I'd like to start with Dr. Tator. At your centre, they're studying deterioration of brain function. I think you mentioned chronic traumatic encephalopathy in your remarks. Has your research found any correlation with other identifiable neurologic conditions like dementia, Parkinson's disease, MS, or anything like that?
Thank you to all of you for being here and for bearing with us on a day like today.
It's great to have researchers here. It's piqued my interest on a number of questions and aspects that I'd like to hear about. I'm trying to figure out where I want to start.
A number of you talked about brain degeneration, and some of the side effects that we might see, with mental health issues or possible CTE, etc.
I'm wondering whether there is research out there now compared to my day, and I go back to the days when I was.... I could talk about my undergraduate degree. I studied under Dr. Pat Bishop at the University of Waterloo. He was a mentor of mine. We did research where we were dropping hockey helmets, ancient contraptions.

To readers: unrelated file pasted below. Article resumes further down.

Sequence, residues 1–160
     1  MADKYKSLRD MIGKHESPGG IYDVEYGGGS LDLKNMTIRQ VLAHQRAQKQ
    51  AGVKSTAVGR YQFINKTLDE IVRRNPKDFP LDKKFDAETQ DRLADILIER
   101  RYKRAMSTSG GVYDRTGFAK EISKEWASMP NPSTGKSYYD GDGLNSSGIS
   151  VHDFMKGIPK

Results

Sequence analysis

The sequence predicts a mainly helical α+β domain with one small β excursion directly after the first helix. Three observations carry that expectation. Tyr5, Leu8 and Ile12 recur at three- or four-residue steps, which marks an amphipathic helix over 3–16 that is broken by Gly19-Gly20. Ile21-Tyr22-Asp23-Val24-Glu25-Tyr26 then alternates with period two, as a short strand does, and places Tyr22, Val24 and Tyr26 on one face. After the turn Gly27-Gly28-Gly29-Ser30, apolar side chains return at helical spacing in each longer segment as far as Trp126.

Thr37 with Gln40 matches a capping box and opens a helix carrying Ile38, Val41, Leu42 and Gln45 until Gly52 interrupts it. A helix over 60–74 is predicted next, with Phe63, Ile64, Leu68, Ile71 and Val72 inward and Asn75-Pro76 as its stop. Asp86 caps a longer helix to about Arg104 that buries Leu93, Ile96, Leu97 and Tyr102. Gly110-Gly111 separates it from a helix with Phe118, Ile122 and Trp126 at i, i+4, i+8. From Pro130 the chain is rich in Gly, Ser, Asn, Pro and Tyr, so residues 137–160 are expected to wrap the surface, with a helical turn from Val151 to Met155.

Dr. Tator, I can see you smiling. I know you're very well aware of this information.
Nowadays, we're seeing a lot more new information. Ms. Curran, you mentioned about virtual imaging. These are all interesting aspects that I haven't kept up with, and I'd love to hear a little more about it. For example, on the issue of looking at this protein, the tau, obviously this is a new study. It's obviously done when someone has passed away. We can't look for that product today. It's after the fact.
How do you take all of that information and correlate that with a sports concussion?
I'll throw the question out to Dr. Tator first and then go from there.
That's a great question, a tough question. I will try to answer it.
By the way, I interacted with Pat Bishop for a long time. There is no doubt that he was a great Canadian researcher on head injuries.